Mon, Sep 24, 2012 : 1:08 p.m.

gregg, tOO it's nice you enjoy sarcasm, but if one has to tell it's sarcasm, it's not that good. Perhaps you should look at the primary education the high school students received in the so-called olden days, it was much deeper than strawman arguments and argument by authority such as I see in these comments. Milton Friedman scoffed at the academic requirements being foisted on people today, for no other reason than the system demands it and to ensure maintaining market prices for services artificially. Law is a trade, and learning the trade alongside a practicing attorney is not an unreasonable way to learn to wade through it. Law is not particle physics.

greg, too

Mon, Sep 24, 2012 : 4:59 a.m.

Dcam, i loved your post. That is the funniest thing I have read in a while. I have wondered for a while why we don't let high school grads who have seen CSI or Law and Order into the UMich or MSU law school, maybe even using past episodes as credit. They will just end up as lawyers, deciding the trends of modern law and precedents and acting as counsel for us, so why not just let em in with a pre req from CBS? Maybe even some bonus credit for watching Psych and a little bit of Nancy Grace? By the way, please see the sarcasm.


Sun, Sep 23, 2012 : 9:30 p.m.

For many courses that are "similar" in content which are taught at different schools, there is a great difference in the actual material that is covered. The titles of the courses may be the same, but the content may be entirely different. These courses are also usually the "introductions" to the next level of courses on that subject. In other words, they are like building needs the foundation before continuing to "build" on higher classes.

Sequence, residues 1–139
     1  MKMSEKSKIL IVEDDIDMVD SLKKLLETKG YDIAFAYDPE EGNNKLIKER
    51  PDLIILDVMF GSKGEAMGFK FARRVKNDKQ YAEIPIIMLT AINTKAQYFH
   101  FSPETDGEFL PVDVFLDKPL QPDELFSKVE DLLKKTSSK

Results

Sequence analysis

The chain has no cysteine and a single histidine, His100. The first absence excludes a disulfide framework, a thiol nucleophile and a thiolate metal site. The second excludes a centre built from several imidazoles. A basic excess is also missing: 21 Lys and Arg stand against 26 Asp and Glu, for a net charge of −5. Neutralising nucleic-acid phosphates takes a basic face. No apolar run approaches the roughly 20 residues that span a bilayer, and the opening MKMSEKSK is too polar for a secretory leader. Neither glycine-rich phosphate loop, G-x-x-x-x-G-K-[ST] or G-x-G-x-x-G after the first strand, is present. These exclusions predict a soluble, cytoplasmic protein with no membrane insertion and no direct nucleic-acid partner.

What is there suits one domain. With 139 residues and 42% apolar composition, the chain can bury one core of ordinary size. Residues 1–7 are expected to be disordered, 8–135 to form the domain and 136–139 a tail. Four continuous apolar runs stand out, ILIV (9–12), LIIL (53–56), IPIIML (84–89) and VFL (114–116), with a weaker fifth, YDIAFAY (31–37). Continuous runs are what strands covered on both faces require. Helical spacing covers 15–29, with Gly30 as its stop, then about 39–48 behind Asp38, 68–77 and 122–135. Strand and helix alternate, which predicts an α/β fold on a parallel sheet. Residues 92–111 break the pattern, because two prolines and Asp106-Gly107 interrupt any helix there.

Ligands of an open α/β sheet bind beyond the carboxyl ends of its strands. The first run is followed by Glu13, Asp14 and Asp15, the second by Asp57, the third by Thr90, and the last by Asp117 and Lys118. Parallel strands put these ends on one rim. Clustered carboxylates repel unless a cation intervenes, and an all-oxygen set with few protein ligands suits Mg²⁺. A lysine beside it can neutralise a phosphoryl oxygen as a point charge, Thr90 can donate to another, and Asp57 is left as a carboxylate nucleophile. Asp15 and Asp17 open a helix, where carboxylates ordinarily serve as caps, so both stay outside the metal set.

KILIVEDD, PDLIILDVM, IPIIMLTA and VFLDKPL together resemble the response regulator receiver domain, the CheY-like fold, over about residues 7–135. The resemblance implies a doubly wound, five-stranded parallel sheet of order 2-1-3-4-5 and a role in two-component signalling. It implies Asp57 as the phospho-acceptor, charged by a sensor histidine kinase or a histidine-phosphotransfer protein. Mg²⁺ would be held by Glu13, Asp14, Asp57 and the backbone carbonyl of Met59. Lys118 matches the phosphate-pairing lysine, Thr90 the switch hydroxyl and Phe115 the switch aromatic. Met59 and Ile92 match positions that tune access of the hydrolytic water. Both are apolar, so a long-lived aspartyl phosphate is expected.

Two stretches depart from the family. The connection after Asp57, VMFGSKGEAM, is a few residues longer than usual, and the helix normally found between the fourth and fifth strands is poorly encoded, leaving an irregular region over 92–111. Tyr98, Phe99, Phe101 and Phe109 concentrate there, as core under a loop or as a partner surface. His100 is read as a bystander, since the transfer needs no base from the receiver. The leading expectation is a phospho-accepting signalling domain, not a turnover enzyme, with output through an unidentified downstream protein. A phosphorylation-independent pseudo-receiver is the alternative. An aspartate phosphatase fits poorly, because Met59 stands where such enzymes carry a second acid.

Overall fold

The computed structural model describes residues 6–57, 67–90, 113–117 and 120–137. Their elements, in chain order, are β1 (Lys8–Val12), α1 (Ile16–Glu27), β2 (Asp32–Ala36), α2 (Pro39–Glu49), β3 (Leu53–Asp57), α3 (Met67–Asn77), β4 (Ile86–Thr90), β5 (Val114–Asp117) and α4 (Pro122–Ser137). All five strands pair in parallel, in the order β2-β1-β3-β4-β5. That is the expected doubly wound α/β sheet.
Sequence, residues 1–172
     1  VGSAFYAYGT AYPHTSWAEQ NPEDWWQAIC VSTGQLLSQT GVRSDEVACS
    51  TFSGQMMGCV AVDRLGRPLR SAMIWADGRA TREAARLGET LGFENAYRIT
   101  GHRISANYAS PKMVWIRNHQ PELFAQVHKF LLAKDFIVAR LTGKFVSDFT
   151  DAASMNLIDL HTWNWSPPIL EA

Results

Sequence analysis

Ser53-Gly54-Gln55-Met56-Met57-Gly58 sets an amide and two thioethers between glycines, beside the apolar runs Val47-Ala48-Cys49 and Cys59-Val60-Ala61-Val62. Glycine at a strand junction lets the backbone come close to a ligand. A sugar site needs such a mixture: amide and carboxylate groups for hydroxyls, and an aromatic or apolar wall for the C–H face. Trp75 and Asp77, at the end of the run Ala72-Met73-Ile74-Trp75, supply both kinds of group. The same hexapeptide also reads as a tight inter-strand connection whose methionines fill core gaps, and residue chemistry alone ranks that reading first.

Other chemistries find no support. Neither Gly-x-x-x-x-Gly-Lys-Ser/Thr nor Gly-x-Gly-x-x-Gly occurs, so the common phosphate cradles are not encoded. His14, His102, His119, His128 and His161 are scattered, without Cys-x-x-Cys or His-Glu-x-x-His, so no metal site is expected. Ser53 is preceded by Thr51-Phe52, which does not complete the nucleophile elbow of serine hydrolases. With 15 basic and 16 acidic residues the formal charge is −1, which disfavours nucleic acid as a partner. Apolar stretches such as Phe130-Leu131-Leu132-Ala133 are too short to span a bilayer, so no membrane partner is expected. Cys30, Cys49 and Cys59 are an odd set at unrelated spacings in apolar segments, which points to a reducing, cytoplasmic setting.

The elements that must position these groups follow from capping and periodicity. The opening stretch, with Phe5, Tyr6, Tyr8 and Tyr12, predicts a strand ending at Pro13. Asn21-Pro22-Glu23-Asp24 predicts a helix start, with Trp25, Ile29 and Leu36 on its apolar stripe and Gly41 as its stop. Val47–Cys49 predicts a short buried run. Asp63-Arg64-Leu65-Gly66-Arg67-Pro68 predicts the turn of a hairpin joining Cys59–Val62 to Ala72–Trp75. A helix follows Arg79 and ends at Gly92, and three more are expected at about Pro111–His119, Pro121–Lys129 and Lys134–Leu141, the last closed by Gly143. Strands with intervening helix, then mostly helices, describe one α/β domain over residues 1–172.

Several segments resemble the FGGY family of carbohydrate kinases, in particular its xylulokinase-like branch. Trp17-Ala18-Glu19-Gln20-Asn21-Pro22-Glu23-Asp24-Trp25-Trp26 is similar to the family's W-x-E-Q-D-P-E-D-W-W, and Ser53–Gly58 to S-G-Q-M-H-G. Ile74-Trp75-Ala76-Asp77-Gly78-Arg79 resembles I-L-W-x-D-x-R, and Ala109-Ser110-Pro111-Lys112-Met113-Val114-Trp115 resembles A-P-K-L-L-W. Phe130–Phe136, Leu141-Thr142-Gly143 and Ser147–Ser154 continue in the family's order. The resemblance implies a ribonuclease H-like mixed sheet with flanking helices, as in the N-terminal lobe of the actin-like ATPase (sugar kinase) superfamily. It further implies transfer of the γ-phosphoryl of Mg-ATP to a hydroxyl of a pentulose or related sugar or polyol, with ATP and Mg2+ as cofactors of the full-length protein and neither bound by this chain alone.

Sun, Sep 23, 2012 : 7:25 p.m.

But how many of the prerequisites are actually needed for the benefit of the student and the coursework required? Aren't most for the benefit of school's bottom line? Before the turn of the century, UM Law school entrance requirement was a high school diploma. Over the years, a one year law degree without prerequisites turned into a four bachelor degree and a four year law school requirement. From one to eight years haven't made our lawyers more brilliant, but they certainly made law more expensive - with UM the biggest winner of all. As Adam Smith pointed out 250 years ago, that the number of years for various degrees hasn't changed since the time of the philosophers, but the number of prerequisites certainly have increased since Smith's days. And it's all for the benefit of the colleges.

Angry Moderate

Sun, Sep 23, 2012 : 7:15 p.m.

In addition to what YpsiVeteran said, some community college prerequisites are just not taught near the same level as U-M/MSU intro courses.


Sun, Sep 23, 2012 : 5:58 p.m.

" I fail to understand why any and all credits for a state-approved college or university are not transferable from one institution to another." The answer is simple, and sad: Because then schools would have their access to unlimited amounts of federal student loan dollars crimped. They are largely unregulated, and they can pretty much do whatever they want in order to maximize the money they rake in from the federal government.